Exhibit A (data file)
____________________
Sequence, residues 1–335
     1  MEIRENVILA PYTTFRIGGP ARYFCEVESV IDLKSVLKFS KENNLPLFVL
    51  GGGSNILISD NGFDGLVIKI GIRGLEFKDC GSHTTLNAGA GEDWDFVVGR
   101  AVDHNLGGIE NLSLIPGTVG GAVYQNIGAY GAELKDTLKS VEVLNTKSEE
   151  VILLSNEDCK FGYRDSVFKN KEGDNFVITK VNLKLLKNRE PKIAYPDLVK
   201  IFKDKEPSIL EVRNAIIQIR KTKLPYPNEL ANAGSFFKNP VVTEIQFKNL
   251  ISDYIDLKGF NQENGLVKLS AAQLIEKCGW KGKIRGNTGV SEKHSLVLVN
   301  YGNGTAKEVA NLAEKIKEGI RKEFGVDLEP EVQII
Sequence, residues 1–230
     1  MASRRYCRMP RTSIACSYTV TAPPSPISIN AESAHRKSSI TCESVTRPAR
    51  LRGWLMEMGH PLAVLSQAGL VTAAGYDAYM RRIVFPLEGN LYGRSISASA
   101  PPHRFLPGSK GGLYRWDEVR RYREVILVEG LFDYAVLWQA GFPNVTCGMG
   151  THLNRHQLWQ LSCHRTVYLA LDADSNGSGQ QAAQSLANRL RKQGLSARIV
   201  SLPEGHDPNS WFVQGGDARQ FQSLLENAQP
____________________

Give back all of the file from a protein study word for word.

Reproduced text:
Sequence, residues 1–335
     1  MEIRENVILA PYTTFRIGGP ARYFCEVESV IDLKSVLKFS KENNLPLFVL
    51  GGGSNILISD NGFDGLVIKI GIRGLEFKDC GSHTTLNAGA GEDWDFVVGR
   101  AVDHNLGGIE NLSLIPGTVG GAVYQNIGAY GAELKDTLKS VEVLNTKSEE
   151  VILLSNEDCK FGYRDSVFKN KEGDNFVITK VNLKLLKNRE PKIAYPDLVK
   201  IFKDKEPSIL EVRNAIIQIR KTKLPYPNEL ANAGSFFKNP VVTEIQFKNL
   251  ISDYIDLKGF NQENGLVKLS AAQLIEKCGW KGKIRGNTGV SEKHSLVLVN
   301  YGNGTAKEVA NLAEKIKEGI RKEFGVDLEP EVQII
Sequence, residues 1–230
     1  MASRRYCRMP RTSIACSYTV TAPPSPISIN AESAHRKSSI TCESVTRPAR
    51  LRGWLMEMGH PLAVLSQAGL VTAAGYDAYM RRIVFPLEGN LYGRSISASA
   101  PPHRFLPGSK GGLYRWDEVR RYREVILVEG LFDYAVLWQA GFPNVTCGMG
   151  THLNRHQLWQ LSCHRTVYLA LDADSNGSGQ QAAQSLANRL RKQGLSARIV
   201  SLPEGHDPNS WFVQGGDARQ FQSLLENAQP